Prom time is approaching. I never went to mine, because I was a grouchy little contrarian and fancied myself all counterculture, but for a lot of young women they represent an important rite of passage. Not to mention, of course, the chance to get dolled up, and everyone likes that! (Maybe not everyone, but I tend to think that even if you don’t have a femme bone in your body, it’s gratifying to look really sharp.) And if you think it’s important to the average teenager to look great for her prom, just think of what it’s like for someone like our pet teen, who’s struggling every day against an onslaught of messages trying to convince her she doesn’t deserve to be beautiful.
Online retailers like Sydney’s Closet have made it possible for young fat women to have access to beautiful gowns, with more options and more convenience than ever before. Girls aren’t stuck with mother-of-the-bride dresses or home-sewn creations — they can get spangles and cleavage to their hearts’ content. Yes, fat Cinderella, you shall go to the ball!
Unless, of course, you don’t have a couple hundred dollars to spare. But Shapeling Artemis has a suggestion for how we can help more young women feel beautiful, regardless of size or finances:
I live in Chicago, and I have this thing I’m doing that I think you and your readers might be interested in. Ever heard of the Glass Slipper Project? It’s a charity event that goes on every spring to give low income Chicago high school students free dresses and accessories for their proms. They take donations of dresses and accessories, then hold “boutiques” at a south side elementary school.
Last year I volunteered as a personal shopper at one of the boutiques, which meant that I was paired up with a student and took her shopping through the donations. The young woman I shopped with was a plus size girl, roughly a size 24/26/28. As you may have guessed, the selection of dresses in those sizes was disappointing to say the least (total crap, to be more blunt). Almost everything was too old and matronly for a teenager, shapeless, and in drab colors. The result was that we didn’t find a dress for my student, because there was simply nothing there that she liked that she could wear. My girl stared longingly at an aqua gown in a size 16, and we only had racks of gray and navy to choose from in her size. It was heartbreaking, really. I did my best to cheer her up, give her ideas of alternatives to dresses to wear, find her some accessories, etc., but she was so clearly disappointed.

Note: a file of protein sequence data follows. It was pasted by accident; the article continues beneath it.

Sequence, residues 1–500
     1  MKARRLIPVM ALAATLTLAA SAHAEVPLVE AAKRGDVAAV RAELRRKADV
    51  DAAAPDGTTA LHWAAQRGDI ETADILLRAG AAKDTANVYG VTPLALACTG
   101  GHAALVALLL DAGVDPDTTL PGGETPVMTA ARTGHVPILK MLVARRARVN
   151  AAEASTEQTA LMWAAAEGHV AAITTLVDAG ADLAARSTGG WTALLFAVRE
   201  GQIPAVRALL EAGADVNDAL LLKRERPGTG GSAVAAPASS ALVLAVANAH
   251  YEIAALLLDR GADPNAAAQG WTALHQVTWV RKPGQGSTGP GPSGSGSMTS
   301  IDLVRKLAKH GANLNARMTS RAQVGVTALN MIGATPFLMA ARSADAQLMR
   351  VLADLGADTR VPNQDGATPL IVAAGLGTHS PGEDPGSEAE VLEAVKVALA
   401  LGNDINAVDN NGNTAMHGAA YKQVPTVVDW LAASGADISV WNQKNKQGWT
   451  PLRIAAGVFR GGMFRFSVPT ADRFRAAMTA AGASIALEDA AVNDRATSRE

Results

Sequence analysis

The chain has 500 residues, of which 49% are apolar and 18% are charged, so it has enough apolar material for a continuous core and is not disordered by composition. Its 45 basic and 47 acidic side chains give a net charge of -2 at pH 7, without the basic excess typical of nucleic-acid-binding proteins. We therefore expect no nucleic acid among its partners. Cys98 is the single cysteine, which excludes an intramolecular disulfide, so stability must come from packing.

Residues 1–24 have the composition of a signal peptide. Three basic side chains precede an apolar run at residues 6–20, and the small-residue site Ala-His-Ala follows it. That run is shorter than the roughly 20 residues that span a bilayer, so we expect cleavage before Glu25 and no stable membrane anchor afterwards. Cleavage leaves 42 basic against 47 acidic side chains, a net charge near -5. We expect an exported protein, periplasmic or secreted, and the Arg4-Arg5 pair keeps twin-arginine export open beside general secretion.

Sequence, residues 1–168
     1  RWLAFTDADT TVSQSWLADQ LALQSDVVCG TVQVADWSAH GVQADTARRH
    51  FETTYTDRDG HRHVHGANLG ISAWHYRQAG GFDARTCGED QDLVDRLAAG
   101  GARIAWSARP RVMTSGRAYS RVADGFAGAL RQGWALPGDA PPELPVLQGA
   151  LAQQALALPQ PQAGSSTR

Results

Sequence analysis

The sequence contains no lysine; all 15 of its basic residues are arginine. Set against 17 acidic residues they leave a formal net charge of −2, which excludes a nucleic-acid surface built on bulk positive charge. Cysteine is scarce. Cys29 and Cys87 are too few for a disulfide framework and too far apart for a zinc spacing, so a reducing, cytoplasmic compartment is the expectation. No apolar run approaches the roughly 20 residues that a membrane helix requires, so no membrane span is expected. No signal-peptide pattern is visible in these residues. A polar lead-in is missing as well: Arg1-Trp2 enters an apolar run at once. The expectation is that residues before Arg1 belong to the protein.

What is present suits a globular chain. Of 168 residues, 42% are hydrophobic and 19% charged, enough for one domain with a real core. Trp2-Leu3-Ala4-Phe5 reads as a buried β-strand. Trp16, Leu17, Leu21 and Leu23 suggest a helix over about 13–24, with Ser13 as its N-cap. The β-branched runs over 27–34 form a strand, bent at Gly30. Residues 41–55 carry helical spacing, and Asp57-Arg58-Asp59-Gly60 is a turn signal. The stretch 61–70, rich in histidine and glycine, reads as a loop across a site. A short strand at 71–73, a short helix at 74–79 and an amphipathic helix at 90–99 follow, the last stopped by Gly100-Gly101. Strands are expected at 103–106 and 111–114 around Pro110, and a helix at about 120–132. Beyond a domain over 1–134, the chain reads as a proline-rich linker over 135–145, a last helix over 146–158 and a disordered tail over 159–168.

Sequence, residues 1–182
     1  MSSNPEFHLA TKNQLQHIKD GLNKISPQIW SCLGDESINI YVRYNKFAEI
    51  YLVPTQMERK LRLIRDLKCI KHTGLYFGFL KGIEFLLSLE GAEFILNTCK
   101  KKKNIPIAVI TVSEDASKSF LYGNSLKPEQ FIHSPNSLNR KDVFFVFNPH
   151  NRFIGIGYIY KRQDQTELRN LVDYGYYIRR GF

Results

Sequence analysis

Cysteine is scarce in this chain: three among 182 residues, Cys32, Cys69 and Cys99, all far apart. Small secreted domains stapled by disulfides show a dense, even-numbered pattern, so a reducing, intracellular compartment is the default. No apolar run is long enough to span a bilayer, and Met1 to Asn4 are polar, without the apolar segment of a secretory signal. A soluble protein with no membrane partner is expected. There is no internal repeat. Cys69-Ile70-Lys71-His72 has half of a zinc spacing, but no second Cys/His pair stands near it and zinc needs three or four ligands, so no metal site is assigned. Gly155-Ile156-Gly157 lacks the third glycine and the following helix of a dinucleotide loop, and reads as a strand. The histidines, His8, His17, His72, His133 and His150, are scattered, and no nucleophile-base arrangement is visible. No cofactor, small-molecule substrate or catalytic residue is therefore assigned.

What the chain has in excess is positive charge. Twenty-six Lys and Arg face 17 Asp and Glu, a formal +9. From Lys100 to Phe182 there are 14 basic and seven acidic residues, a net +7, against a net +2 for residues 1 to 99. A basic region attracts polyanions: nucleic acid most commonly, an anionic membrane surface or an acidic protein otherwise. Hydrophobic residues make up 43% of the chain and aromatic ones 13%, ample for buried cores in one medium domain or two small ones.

So I was wondering if you guys would be willing to rally the Shapelings to help with this organization. To donate their old dresses (or dresses bought new) in plus sizes, so that the plus size girls can have a dream prom (if that’s possible – my own was far from a dream, but it wasn’t the fault of my dress, at least). To volunteer if they are up for that. Maybe Shapelings have their own prom stories they might want to share.
I think this is a damn fine idea! In fact I’ll start. I have a couple of really beautiful short chiffon dresses I got off eBay — they didn’t fit, and they were going to go right back up there when I had the time. Now, I’m going to donate them to my local version of the Glass Slipper Project instead. (It’s a Chicago-based organization, but there are a number of similar programs throughout the U.S. Non-U.S. readers, if there’s not a local equivalent and you want to help, they also accept monetary donations.) There are specifics about donating and volunteering on the Glass Slipper website, and presumably on the websites of the non-Chicago groups as well. (And do please share your stories of prom and shopping for prom… like I said, I never did it, and I’m curious.)
Short on formalwear but swamped with business dress? There are also a number of organizations that help outfit low-income women for interviews and professional jobs. And hey, while you’re at it, take everything else that doesn’t fit to Goodwill. A valuable organization gets some money, and some fat indie kid gets all psyched to score your ratty old sweater for two bucks. Or look for a local charity — there was just a huge fire in my city, so some of my old stuff is going to be re-outfitting people whose personal belongings were destroyed.
To free yourself from a paralyzing fantasy, it’s sufficient to cast off your tiny pants. But why stop there, if you can also help other fat people have a beautiful prom, a successful interview, or even just an exciting trip to the thrift store? Don’t just give up the clothes that don’t fit or don’t suit you or that you’ll never wear again — get them out of your house, and into the hands of someone who needs them.